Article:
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Tax Base Erosion and Profit Shifting (BEPS) and International Economic Law

Clinic: Graduate Institute, Fall 2013
Beneficiary: Mr. Sergey Ripinsky and Ms. Kendra Magraw, UNCTAD



Executive Summary

Read the full report here


There is a growing concern with regards to the significant losses of national tax revenues because of sophisticated tax planning by multinational enterprise (MNEs) aimed at shifting profits in ways that erode the taxable base. International legal systems created to regulate directly or indirectly such conducts of MNEs have so far proven ineffective in preventing tax base erosion and profit shifting (BEPS) from occurring. The purpose of this memorandum is to show the reason why this is the case.


As BEPS is the result of the conduct of private actors, MNEs in particular, it is bilateral taxation treaties that are directly relevant to this phenomenon. However, they leave legal loopholes that make strategic tax planning possible providing opportunity for BEPS; as the traditional concept of permanent establishment can easily be manipulated, it is no longer an effective nexus providing a basis for taxation; exemption rules, originally designed to prevent double-taxation, can be exploited in a way to lead to double non-taxation; the arm’s length principle, commonly underlying transfer pricing allocations, can be abused so as to separate income from the economic activity that produces it and allowing profits to be shifted to low tax environments. Consequently, other branches of international economic law, i.e. international investment as well as trade law, which are also directly or indirectly relevant to taxation, need to be explored.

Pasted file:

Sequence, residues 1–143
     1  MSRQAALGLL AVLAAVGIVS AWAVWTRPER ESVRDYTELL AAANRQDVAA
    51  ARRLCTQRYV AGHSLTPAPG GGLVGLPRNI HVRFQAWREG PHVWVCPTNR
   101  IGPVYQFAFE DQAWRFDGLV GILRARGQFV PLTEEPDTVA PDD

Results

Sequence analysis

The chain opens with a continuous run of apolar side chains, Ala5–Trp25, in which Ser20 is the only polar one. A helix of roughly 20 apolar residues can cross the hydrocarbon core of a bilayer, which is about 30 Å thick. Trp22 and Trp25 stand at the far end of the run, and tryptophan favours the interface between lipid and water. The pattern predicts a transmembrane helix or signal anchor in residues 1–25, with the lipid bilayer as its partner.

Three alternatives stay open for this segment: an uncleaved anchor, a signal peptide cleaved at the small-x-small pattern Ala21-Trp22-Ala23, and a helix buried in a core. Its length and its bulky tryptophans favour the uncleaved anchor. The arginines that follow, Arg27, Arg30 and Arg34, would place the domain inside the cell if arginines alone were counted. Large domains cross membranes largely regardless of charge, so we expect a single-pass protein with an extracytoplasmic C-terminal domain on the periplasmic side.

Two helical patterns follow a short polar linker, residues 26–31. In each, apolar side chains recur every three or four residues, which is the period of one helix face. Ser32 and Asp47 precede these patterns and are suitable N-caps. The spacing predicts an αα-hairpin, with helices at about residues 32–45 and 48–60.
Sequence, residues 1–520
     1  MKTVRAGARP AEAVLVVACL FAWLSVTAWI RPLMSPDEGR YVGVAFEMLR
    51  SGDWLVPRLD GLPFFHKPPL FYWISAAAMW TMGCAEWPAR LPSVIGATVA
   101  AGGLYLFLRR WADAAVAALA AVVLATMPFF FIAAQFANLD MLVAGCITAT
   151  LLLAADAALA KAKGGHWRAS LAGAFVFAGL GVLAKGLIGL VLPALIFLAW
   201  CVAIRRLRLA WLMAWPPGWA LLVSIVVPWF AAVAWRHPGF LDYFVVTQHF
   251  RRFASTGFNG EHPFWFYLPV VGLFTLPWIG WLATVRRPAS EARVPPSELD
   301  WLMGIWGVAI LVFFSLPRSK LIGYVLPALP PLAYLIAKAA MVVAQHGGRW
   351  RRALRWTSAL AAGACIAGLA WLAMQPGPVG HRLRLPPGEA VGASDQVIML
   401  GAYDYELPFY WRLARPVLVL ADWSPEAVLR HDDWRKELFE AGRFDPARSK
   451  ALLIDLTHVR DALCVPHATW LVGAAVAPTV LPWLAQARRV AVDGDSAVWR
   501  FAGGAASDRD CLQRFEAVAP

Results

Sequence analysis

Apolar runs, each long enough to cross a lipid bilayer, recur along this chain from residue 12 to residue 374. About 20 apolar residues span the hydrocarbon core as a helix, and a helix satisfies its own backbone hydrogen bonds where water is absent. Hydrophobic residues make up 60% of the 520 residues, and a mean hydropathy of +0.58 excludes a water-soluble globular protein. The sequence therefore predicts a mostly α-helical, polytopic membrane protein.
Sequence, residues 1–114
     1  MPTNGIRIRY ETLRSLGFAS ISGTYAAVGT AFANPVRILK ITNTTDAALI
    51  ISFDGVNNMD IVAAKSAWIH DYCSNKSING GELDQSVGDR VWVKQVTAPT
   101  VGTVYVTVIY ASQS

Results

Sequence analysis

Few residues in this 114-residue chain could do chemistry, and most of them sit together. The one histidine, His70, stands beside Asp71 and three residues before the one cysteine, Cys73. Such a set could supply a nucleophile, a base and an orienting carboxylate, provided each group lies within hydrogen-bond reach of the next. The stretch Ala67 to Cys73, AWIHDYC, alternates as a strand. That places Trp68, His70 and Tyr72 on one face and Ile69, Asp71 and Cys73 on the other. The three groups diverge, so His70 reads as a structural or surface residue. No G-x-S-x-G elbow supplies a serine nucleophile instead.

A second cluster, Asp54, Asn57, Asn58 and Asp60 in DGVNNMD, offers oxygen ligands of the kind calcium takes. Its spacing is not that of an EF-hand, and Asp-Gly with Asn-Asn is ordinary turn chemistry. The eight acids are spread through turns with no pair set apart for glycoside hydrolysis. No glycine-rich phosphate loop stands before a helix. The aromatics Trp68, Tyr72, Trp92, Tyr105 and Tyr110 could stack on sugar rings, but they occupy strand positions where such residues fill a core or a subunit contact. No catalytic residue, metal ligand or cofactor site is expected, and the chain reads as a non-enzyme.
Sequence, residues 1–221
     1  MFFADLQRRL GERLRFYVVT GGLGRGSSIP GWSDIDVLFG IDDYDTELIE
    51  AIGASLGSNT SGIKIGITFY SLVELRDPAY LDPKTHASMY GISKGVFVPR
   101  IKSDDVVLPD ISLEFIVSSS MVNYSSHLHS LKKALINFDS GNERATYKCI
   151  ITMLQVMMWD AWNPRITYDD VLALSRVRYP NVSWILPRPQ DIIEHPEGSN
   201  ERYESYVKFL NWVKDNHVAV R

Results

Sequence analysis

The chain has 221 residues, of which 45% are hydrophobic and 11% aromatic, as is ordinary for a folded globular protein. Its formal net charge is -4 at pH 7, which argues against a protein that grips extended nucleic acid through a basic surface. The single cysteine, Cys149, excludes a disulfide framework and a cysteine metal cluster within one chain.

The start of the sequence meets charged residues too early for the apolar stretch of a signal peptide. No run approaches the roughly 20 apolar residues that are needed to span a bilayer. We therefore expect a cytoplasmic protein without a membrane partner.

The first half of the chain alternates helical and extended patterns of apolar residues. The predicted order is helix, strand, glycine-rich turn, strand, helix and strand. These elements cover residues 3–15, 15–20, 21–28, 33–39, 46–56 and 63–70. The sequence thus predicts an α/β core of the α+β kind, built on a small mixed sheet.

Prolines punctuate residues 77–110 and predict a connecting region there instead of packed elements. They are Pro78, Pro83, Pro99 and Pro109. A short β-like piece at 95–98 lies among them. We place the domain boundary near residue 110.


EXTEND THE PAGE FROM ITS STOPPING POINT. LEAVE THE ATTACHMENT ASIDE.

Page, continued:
International investment law, which regulates the conduct of host States, not investors, has by definition little chance to address BEPS. In addition to this, several limitations have been identified; as a lot of investment treaties exclude taxation issues from their scope of application, BEPS is placed outside the scope of investment law accordingly; to the extent that an investment treaty is applicable to taxation, it can be a regulatory measure to be scrutinized by investment arbitration, and thereby there exists a limited possibility that a measure against BEPS is alleged to constitute a violation of an investment treaty and/or contractual obligations resulting from ‘tax stabilization clauses’; conversely, the usefulness of counterclaims before investment arbitration, which theoretically has a potential to tackle BEPS in the context of investment law, will be limited in the light of current jurisprudence.